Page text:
Analysis of Production Control Methods for Semiconductor Research and Development Fabs Using Simulation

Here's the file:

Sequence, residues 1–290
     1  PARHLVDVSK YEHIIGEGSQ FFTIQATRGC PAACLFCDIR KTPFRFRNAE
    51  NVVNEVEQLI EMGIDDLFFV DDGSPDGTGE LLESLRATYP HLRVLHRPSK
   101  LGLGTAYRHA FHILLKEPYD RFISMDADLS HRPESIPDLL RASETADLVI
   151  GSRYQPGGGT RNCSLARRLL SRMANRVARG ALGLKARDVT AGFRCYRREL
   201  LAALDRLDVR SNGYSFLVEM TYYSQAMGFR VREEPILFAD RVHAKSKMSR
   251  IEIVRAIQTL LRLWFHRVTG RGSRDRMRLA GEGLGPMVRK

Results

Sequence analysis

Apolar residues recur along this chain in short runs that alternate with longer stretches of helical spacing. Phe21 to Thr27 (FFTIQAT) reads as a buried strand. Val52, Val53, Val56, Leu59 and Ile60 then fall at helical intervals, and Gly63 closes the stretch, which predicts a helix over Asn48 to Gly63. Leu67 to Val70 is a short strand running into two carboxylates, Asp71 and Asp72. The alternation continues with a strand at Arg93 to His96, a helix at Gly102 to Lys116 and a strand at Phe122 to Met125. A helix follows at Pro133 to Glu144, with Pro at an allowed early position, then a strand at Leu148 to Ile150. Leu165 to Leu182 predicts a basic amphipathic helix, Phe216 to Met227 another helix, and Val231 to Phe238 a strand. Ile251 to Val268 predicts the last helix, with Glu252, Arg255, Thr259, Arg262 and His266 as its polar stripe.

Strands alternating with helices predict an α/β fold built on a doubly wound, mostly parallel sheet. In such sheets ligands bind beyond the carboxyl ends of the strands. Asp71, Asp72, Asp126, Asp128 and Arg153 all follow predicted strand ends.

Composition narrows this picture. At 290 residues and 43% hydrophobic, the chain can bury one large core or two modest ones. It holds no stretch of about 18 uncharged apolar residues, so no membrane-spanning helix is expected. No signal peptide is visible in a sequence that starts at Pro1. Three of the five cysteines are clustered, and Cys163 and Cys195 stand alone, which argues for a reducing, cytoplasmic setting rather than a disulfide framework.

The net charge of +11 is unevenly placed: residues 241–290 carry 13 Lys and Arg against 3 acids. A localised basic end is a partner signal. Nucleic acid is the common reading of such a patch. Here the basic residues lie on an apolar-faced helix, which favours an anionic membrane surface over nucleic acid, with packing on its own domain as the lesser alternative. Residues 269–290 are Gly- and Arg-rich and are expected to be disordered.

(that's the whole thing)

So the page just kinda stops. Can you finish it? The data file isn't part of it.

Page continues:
The importance of semiconductor device fabrication has been rising steadily over many years. Integrated circuit technology and innovation depends on successful research and development (R&D). R&D establishes the direction for prevailing technology in electronics and computers. To be a leader in the semiconductor industry, a company must bring technology to the market as soon as its application is deemed feasible. Using suitable production control methods for wafer fabrication in R&D fabs ensures reduction in cycle times and planned inventories, which in turn help to more quickly, transfer the new technology to the production fabs, where products are made on a commercial scale. This helps to minimize the time to market. The complex behavior of research fabs produces varying results when conventional production control methodologies are applied. Simulation modeling allows the study of the behavior of the research fab by providing statistical reports on performance measures. The goal of this research is to investigate production control methods in semiconductor R&D fabs. A representative R&D fab is modeled, where an appropriate production load is applied to the fab by using a representative product load. Simulation models are run with different levels of production volume, lot priorities, primary and secondary dispatching strategies and due date tightness as treatment combinations in a formally designed experiment. Fab performance is evaluated based on four performance measures, which include percent on time delivery, average cycle time, standard deviation of cycle time and average work-in-process. Statistical analyses are used to determine the best performing dispatching rules for given fab operating scenarios. Results indicate that the optimal combination of dispatching rules is dependent on specific fab characteristics. However, several dispatching rules are found to be robust across performance measures. A simulation study of the Semiconductor & Microsystems Fabrication Laboratory (SMFL) at the Rochester Institute of Technology (RIT) is used to verify the results.